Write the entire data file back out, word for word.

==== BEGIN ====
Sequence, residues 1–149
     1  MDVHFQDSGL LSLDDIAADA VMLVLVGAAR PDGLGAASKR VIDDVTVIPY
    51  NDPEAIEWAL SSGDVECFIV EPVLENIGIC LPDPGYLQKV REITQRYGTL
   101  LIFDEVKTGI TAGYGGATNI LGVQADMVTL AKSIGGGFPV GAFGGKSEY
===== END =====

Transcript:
Sequence, residues 1–149
     1  MDVHFQDSGL LSLDDIAADA VMLVLVGAAR PDGLGAASKR VIDDVTVIPY
    51  NDPEAIEWAL SSGDVECFIV EPVLENIGIC LPDPGYLQKV REITQRYGTL
   101  LIFDEVKTGI TAGYGGATNI LGVQADMVTL AKSIGGGFPV GAFGGKSEY